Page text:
Aging research explores the basic biological mechanisms of aging and age-related disease. As the ‘aging society’ is framed as one of today’s grand challenges, particularly in the global North, the field is gaining momentum. Epigenetic approaches have become important for aging research. This article explores which kinds of epistemic and biopolitical formations arise with the integration of epigenetics into aging research. Drawing on literature analysis, participant observation at international conferences in Europe, and interviews with selected speakers, we identify two distinctly different ways in which epigenetics and aging have become linked. On the one hand, epigenetics has become important for research focusing on the continuous biological malleability of aging processes in adults. On the other hand, it is integral to research investigating how early life development programs aging trajectories. These perspectives do not only differ epistemically, but also entail distinctly different visions of possible clinical, social, and political responses to the challenges of the aging society. Particularly, questions of social inequality and the growing health and morbidity gap in late-capitalist Western societies figure differently in each perspective. This shows that epigenetics, rather than moving biological research in one specific direction, can participate in heterogeneous epistemic formations with diverging biopolitical momenta.
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For comparison, currently the average percentage of individuals aged 60 or older in Europe is 23.9 per cent and in North America 20.8 per cent (United Nations, 2015, p. 26).
This focus in attention is related to a broader shift in reasoning in epidemiology. See Wahlberg and Rose (2015) for a detailed study of this shift.
This is well illustrated, for example, by the range of research approaches that are represented in the journal Biogerontology, the official journal of the British Society for Research on Ageing, which publishes genetic studies of possibly aging-related genes in Drosophila alongside physiological studies of measurement methods for muscle strength in elderly patients.
At the same time and as part of their articulation work for funding agencies, researchers in such fields might also adopt the label ‘aging research’ for their work on a range of molecular and physiological processes.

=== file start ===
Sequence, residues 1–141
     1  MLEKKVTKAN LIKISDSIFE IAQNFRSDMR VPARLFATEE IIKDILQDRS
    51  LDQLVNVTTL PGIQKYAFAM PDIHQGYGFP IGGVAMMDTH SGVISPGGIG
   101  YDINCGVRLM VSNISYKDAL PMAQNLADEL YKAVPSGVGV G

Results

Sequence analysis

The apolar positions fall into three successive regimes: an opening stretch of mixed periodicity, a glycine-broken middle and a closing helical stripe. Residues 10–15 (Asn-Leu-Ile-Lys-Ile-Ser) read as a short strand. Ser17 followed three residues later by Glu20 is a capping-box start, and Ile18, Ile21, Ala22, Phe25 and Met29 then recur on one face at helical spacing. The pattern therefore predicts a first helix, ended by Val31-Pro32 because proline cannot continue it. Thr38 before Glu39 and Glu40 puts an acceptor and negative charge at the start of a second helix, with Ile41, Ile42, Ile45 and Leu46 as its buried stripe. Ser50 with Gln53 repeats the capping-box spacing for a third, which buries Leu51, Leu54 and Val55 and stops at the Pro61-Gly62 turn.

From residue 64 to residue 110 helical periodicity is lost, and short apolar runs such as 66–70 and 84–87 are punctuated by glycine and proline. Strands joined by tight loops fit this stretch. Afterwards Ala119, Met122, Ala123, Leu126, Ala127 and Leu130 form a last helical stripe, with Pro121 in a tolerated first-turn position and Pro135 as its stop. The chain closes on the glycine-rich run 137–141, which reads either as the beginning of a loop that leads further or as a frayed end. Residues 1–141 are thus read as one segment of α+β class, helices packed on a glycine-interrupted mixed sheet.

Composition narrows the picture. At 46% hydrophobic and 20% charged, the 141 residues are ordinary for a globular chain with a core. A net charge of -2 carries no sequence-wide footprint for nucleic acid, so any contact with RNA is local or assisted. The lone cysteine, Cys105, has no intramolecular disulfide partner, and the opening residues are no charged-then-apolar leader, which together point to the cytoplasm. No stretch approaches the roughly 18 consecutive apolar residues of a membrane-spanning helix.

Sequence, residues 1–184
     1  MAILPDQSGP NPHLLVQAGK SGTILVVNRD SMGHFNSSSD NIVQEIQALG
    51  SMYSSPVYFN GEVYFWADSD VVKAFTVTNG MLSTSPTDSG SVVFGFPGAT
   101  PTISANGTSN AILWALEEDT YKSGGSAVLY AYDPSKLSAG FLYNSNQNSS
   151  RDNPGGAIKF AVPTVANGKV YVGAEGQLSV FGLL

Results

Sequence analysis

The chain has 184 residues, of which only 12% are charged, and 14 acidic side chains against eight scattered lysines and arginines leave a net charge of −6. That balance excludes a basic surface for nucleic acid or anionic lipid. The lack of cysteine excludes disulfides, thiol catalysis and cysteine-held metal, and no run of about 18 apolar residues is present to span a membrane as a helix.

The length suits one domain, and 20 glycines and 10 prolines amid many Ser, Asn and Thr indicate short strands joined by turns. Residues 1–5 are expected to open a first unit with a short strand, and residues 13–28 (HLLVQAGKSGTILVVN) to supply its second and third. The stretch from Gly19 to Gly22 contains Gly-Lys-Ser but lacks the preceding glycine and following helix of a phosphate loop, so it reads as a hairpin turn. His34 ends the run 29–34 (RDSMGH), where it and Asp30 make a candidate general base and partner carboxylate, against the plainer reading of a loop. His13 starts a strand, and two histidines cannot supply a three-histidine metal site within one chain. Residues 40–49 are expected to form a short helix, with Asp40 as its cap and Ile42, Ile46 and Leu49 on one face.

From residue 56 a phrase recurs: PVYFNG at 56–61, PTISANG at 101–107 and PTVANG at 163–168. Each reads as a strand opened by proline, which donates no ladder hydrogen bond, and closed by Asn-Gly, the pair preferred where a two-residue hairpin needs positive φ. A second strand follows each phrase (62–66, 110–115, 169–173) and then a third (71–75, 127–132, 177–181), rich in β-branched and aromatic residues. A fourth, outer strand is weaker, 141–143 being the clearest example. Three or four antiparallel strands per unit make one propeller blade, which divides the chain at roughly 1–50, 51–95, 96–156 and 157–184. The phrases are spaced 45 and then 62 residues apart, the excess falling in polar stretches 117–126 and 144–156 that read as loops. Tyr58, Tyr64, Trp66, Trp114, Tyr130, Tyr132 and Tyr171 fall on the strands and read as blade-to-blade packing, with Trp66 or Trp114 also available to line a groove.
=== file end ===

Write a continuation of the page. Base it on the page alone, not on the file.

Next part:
With authors such as Stephens and Dimond (2016), we understand conferences as important sites of negotiating the directions, frictions, and shared tenets of a research field, as “they offer the opportunity for achievements to be celebrated, reputations to be established, and can simultaneously reflect, and shape, the nature of a field” (Stephens and Dimond, 2016, p. 313).
See Lappé and Landecker (2015) for a critique of the simple dichotomy between genetics and epigenetics.
While these are the two dominant perspectives represented in the published literature, we do not exclude the possibility that there are other perspectives connecting epigenetics and aging currently emerging that have not yet been visibly published.
Researchers speculate that the effect of the famine on health might persist beyond the directly exposed generations and affect the grand children of women who have experienced the famine. However, this could so far neither be confirmed nor finally refuted (Heijmans et al, 2009).
A few but prominent figures in the field are starting to criticize the programming metaphor. Hanson and Gluckman for example propose the term “conditioning” as an alternative to programming as “[m]etaphors, while frequently used in biology, can be problematic if they restrict the challenging of preconceptions […]. The metaphor of ‘programming’ […] accords more with a computer program than the processes of developmental plasticity” (2014, p. 1032).
See also Mansfield (2017) who notes about epigenetic futurity: “[W]hat matters in the present is the future, which endlessly recedes. Multiple generations—some of which may never exist—are all folded into what I call the enduring present: the time when future outcomes are set in motion. Further, while the goal is to shape later outcomes, for the individual these outcomes are constantly deferred for their influences on the next generations.” (p. 374).
See Mansfield (2012) for similar conclusions with regard to the epigenetics of racial inequalities.
Hodgetts et al (2003) offer a compelling analysis of the trope of contrasting the “frail” and “active” elderly on TV as a form of communicating normative expectations of how to age appropriately and responsibly. Similar forms of staging are at play here.
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This article comprises original material that is not under review elsewhere, and the study(ies) on which the research is based has been subject to appropriate ethical review. On behalf of all authors, the corresponding author states that there is no conflict of interest. The authors would like to thank the four anonymous reviewers and the journal editors for their insightful feedback, Martha Kenney and Michael Penkler for their valuable comments on earlier versions of this article, and Michael Holohan for language editing.
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Müller, R., Samaras, G. Epigenetics and aging research: Between adult malleability and early life programming. BioSocieties 13, 715–736 (2018). https://doi.org/10.1057/s41292-017-0091-y
- developmental programming
- social class